Sylvia Plath and mental health

Someone once told me that, after their partner had died, they read the Stephen King book Lisey’s Story and said they felt like King was writing their thoughts down on paper. They told me that it was eerie how much the book echoed their feelings, echoed their loss, hopelessness, confusion, sadness, bewilderment, everything. They said King must have lost someone so dear to them, to be able to write so truthfully. This is how I feel whenever I read The Bell Jar by Sylvia Plath. Even though it was released more than 20 years before I was born, it’s like she wrote my thoughts down on paper. I’ve never read something so beautiful, so profoundly moving, and so terrifying.

This piece isn’t going to be a review of The Bell Jar; this is going to be about Plath herself and the profound effect she’s had not just on me, but on the whole of literature.

Better known as a poet, Plath was a hugely talented, yet deeply troubled woman. Originally born in Boston, USA, she relocated to England when she was accepted to study at Cambridge, and it was here she met fellow poet, and her future husband, Ted Hughes. Hughes is a controversial figure in Plath’s life; he was her husband, he fathered her two children and some people are convinced he murdered her. Plath’s life was short and not particularly sweet, but her memory will last forever.

It’s impossible to read any of her work and not see Plath reflected in it. She suffered from severe depression and tried to take her life several times before she eventually succeeded in February 1963, aged just 30 years old. It’s this depression that is so prevalent in her writings.

You can almost hear her begging, pleading, wishing for it to go away. One poem that always springs to mind when I think of Plath is her 1951 piece Mad Girl’s Love Song. Her struggles are right there for us all to see, her use of ‘Mad’ in the title not shying away. The lines of the poem are filled with regret and remorse, a sadness unmeasurable, and yet they’re so beautiful, so poignant, you’d have to be made of stone not to be moved;

“I should have loved a thunderbird instead;
At least when spring comes they roar back again.
I shut my eyes and all the world drops dead.
(I think I made you up inside my head.)”

There’s so much beauty, so much wonder, so much pain in those lines. I feel like she’s calling out to me, and I wish I could help her.

The Bell Jar is her only full length novel, and it’s along the same lines as her poetry. It’s very autobiographical, the names, dates, and events altered, but probably the feelings very much not. The first time I read it I was simply blown away; someone feels the way I feel? Someone understands and is going through the same? I’m not alone.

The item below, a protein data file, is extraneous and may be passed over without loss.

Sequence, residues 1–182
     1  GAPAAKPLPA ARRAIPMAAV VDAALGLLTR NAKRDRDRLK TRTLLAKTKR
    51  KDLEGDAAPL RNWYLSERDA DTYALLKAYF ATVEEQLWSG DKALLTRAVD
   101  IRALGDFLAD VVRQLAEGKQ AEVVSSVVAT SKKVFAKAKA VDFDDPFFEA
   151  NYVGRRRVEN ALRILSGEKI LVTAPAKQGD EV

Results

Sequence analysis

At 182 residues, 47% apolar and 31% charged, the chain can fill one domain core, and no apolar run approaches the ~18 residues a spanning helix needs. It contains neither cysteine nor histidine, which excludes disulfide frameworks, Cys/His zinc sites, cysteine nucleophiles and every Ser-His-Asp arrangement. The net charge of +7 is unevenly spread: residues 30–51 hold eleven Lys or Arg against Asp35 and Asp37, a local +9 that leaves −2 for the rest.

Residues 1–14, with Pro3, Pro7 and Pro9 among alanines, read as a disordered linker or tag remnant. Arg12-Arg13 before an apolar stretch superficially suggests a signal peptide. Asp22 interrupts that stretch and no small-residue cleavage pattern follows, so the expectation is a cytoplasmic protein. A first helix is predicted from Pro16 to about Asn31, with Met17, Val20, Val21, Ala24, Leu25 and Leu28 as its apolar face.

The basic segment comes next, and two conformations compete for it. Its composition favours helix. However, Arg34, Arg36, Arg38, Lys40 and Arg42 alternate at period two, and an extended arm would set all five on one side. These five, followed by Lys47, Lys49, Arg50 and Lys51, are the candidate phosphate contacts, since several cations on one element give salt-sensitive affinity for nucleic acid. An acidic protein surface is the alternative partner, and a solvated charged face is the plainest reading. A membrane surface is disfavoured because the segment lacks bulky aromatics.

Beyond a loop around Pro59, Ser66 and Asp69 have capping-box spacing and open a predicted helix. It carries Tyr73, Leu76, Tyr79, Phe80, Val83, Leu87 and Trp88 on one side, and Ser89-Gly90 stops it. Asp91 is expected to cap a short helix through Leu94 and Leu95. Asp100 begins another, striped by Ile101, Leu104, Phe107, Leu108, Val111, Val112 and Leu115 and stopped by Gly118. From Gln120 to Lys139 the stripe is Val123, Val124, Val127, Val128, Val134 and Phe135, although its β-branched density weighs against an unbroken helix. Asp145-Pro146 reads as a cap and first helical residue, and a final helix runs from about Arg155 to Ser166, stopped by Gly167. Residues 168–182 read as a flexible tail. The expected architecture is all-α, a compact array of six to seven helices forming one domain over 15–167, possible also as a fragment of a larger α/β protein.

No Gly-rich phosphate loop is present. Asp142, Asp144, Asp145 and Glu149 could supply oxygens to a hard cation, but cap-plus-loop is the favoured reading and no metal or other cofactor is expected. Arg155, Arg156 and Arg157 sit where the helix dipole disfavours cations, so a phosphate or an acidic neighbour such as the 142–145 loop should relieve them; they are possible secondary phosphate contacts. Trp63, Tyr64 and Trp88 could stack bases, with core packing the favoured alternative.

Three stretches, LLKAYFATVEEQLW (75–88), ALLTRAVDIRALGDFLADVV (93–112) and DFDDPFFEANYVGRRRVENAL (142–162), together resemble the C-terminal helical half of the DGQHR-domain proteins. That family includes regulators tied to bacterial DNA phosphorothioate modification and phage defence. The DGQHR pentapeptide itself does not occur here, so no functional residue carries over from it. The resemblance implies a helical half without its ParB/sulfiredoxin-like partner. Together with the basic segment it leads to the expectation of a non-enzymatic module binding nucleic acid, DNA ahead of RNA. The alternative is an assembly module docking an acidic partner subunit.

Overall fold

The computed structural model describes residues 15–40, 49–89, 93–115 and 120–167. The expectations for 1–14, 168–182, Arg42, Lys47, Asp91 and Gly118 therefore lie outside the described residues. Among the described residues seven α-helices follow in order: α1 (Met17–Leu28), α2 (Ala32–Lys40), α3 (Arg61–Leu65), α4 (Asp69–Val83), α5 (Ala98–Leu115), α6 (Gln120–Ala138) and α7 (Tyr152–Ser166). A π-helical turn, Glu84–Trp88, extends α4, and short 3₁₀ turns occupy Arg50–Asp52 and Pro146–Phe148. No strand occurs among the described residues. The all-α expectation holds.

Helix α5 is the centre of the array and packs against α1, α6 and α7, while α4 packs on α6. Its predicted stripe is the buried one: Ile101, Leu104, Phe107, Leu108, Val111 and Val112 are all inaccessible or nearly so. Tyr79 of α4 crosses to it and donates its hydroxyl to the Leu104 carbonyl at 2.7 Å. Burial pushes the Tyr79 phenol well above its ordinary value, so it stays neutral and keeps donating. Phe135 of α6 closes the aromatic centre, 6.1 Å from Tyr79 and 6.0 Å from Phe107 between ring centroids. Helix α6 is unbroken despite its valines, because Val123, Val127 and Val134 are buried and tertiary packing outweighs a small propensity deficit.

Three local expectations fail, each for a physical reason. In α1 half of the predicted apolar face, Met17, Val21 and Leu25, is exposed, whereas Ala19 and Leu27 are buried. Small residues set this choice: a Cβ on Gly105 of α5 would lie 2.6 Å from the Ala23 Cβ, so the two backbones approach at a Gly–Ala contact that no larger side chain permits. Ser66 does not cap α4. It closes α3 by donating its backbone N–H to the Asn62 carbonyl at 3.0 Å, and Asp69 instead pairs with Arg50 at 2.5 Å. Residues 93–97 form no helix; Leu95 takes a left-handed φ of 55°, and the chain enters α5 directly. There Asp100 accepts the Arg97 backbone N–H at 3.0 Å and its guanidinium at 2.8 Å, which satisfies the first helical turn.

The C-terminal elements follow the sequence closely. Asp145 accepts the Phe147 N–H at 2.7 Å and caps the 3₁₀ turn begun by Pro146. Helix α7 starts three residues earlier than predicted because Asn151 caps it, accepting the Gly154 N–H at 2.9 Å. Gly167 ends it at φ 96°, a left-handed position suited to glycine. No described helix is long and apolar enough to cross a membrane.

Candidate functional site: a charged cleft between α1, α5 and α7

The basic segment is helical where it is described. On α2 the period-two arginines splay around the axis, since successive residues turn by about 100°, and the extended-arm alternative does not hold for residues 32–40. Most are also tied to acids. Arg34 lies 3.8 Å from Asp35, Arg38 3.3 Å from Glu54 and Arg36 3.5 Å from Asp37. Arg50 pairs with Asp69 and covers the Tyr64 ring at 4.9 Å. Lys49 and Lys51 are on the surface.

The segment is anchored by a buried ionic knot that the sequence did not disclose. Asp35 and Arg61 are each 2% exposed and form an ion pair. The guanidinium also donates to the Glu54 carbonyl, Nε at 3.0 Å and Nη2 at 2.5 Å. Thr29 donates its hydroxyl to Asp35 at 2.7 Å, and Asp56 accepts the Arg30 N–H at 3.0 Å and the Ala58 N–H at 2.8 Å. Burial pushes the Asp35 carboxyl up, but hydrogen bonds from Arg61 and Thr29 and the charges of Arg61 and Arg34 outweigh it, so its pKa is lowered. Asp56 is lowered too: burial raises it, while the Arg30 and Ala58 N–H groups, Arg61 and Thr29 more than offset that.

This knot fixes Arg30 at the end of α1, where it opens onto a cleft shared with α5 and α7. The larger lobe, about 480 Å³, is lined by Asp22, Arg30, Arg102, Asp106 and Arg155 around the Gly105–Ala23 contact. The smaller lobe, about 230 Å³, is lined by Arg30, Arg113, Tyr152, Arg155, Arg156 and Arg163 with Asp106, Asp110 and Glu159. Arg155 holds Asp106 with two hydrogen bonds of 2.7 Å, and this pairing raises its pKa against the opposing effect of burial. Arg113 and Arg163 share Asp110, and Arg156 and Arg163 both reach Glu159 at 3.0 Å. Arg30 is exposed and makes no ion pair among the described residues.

It’s a very heavy book to read. Plath writes about isolation, sadness, loneliness, attempted suicide, sectioning, sex, alcohol, youth, beauty, the pains of growing up, the pains of being a woman trying to make something of herself in a society where women are still wives, mothers, cleaners and cooks. She writes about them all so honestly, so painfully – painfully honestly. It’s a compelling read and her frankness surrounding her depression is admirable. The lines of this book are as beautiful as they are awful:

“To the person in the bell jar, blank and stopped as a dead baby, the world itself is a bad dream.”

“I felt very still and very empty, the way the eye of a tornado must feel, moving dully along in the middle of the surrounding hullabaloo.”

“How did I know that someday—at college, in Europe, somewhere, anywhere—the bell jar, with its stifling distortions, wouldn’t descend again?”

Plath echoes exactly how I feel dealing with my own depression. The hopelessness of the struggle, the despair, the ugliness of the world. The novel ends with Esther (who is surely Plath under another name) interviewing in order to leave the hospital she has been committed to. Unfortunately, whilst Plath did leave the asylum, she never escaped herself. On the morning of February 11, 1963, Plath sealed the room she was in, turned on the oven, placed her head inside, and left us forever. This was less than a month after The Bell Jar was published; the book has, unfortunately, far outlived its author.

I’m lucky enough to live only a few miles from where Sylvia Plath is buried in Heptonstall, West Yorkshire. I’ve visited her grave many times, and it’s impossible for me to describe how I feel each time I stand there, looking down at her headstone. To know I’m standing 6 feet away from the bones of one of the greatest literary minds there ever was, or ever will be, is as awe inspiring as it was devastating. The world is a worse place for having lost her too soon.

I’m lucky in so many ways; I’m lucky I live in a time when mental illness awareness is higher than it’s ever been, when treatment is available and offered to those who need it. I’m lucky I have a great family, friends, and a fantastic fiancée, who I know are always there for me. I’m so, so, so lucky that I’ve never been in a position where putting my head in the oven seems like the only solution.

Read Sylvia Plath’s work, for it’s absolutely incredible. Feel her pain, for it’s overwhelming. But don’t do what she did, for it’s not the only option. Plath left us too young, her great mind was stopped long before it should have been. Don’t let yours be stopped too.

Out of the ash
I rise with my red hair
And I eat men like air

Lady Lazarus, Sylvia Plath

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